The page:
Recipe By: "Papa Moe's Pommerensin"
Place rind in cold water with the salt, boil for a few minutes. Pour off water and prick the skin with a fork to see if it is soft. Add cold water to cover rind and then squeeze out water from rind and dry in paper towel. Place ingredients for syrup in a saucepan and boil until it is clear.
Cut rind in thin strips and boil in syrup until all the syrup is dissolved. Place on a plate to dry overnight. The next day put coarse sugar in a paper bag, add a few strips at a time and shake the bag until the rinds are coated with sugar. These are beautiful to look at, the orangey-golden color of Australian crystalized ginger—not the pale Chinese ginger you'd expect from the original color of the fruit. They're pretty bitter, still-- not unpalatable, as with raw, but repeated blanching in cold water will remove the bitter oil that causes this.
Recipe by: Amycakes
I'm trying this two ways.
Lazy man's: Slice the oranges (1/8") pack them in granulated sugar for a few days. Forget about them. This works with lemon slices you want to use for a garnish. I do it when I have lemon meringue pie in production. They don't get crusty in the sugar which turns to syrup, but the osmotic exchange occurs and they taste and look lovely. I never tried drying them after.
The old way: Bring three cups of sugar and a one cup of water to a boil. Skim any scum that arises from impurities in the water. (These might be minerals from the tap water or even from the pot, if it's aluminum.) A squeeze of lemon juice or a pinch of cream of tartar will prevent recrystalization, but becomes unnecessary once the fruit is added. When all the sugar is dissolved (it boils clear) take it off the fire and let it cool down. It can still be warm, but not hot, when you add your sliced fruit. Since this syrup is hotter than plain boiled water, expect the cooling process to take a while.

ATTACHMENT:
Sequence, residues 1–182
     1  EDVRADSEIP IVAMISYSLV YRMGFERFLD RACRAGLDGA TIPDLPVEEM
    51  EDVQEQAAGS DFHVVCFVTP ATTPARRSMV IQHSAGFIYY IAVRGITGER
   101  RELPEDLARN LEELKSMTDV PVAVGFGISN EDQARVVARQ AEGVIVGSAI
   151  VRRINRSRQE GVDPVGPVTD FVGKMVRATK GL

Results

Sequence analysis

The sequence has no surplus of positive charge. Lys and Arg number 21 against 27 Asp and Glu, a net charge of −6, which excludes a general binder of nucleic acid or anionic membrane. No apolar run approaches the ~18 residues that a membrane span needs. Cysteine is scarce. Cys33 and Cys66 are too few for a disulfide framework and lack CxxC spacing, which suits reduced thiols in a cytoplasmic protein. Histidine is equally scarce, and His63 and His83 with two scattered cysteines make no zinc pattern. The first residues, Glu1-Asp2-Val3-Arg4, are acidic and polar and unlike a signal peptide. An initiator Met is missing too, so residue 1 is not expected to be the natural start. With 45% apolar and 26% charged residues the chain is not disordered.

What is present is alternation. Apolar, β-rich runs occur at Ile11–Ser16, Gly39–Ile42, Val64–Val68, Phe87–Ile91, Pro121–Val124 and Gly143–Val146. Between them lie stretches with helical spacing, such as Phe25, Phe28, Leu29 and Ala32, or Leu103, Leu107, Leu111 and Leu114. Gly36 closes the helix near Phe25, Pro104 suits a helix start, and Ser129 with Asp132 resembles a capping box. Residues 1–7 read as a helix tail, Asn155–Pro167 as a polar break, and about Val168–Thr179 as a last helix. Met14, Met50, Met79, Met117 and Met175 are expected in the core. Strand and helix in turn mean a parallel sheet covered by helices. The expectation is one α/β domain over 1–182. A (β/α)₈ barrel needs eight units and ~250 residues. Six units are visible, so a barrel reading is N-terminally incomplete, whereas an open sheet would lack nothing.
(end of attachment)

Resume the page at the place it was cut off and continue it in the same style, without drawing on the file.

You can speed it up by setting the pot in ice water. Add the sliced fruit. It will float. I put it in a plastic container with a lid and fill it to the top. The lid keeps the fruit submerged. It also keeps out dust.
If you put the fruit in the syrup while it's still hot, it will burst the cell walls and the juice will run out. This is no good, because the cells won't hold the syrup, either. What you want is an exchange of fluids that is gentle, so the cells aren't ruptured. It takes about two days. If pushing the slices down into the syrup they tend to stay in suspension and don't come bobbing up again, the densities are about equal.
Now drain the fruit and reserve the syrup. Bring to the boil another cup of water and a cup of sugar. Add the reserved syrup and boil it until there are just big bubbles, no tiny ones. This will mean that you have boiled out all the water, and are left with melted sugar. Cool the syrup again and add the fruit. When the fruit again tends to stay in suspension, it's ready to be air dried on a cake rack. It will take awhile, say overnight. Put the rack on a cookie sheet to catch the drips. Don't try this in humid weather. The finished product looks like stained glass and is only slightly more flexible, with the original color preserved. Use them as garnishes or as a candy. It's easy, but takes patience.
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